Therese Parkey seems to be a good person, but my initial reaction to this is very negative. Swim-with-dolphin parks say "Cancun" or "Florida" to me, not Belize. To me, swim-with-dolphins programs where dolphins are penned up give the wrong image for Belize's ecotourism industry. It's a lot like having a zoo where you ride the elephants.
There was one proposed off Ambergris Caye a few years ago, but happily it never materialized. Many progressive countries have banned them.
Below is a thoughtful letter on the subject from Jean-Michel Costeau. It was sent in 2003 regarding a dolphin program in the Caymans. I suspect these are the same dolphins from Honduras that were proposed for Cayman. As everyone doubtless knows, it was the father, Jacques Costeau, who brought Belize's Blue Hole to world attention.
I would like to add my voice to those of many Caymanians concerned about the possible introduction of a swim-with-dolphins facility in the Cayman Islands.
The project's supporters claim that it would be a financial gold mine, but in the long run, a captive dolphin facility would destroy the Cayman Islands' outstanding eco-tourism credentials, and is certain to rebound to the detriment of the local economy. Already several thousand tourists, from over 30 countries, have signed petitions expressing their opposition to the proposed park.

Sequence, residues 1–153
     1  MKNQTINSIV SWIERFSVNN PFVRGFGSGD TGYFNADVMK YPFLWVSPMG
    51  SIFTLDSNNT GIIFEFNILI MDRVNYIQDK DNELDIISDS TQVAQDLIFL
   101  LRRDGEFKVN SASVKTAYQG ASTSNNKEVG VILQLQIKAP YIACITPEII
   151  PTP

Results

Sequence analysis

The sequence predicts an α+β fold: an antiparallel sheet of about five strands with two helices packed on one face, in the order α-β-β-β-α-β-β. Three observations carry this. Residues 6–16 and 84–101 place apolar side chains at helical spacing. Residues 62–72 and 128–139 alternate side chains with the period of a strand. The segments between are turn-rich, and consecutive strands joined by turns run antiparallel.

Why? Because swim-with-dolphin programs are simply a disaster in the making, both for the dolphins and for the people who visit them. The Cayman facility, operated by a group called Living Sea, reportedly plans to house its dolphins in "natural enclosures." This is an oxymoron. For a dolphin accustomed to roaming free up to 40 miles per day, any enclosure is unnatural, and thus the Living Sea facility is in effect little more than a concrete jail. The dolphins, reputedly transferred from captivity in Honduras, were taken violently from their family and home range, and held in pools or pens. In the Caymans, their situation will not improve; they will still be fed dead fish and coerced (by the promise of food the imposition of hunger) to perform tricks and interact, whether they want to or not, with humans.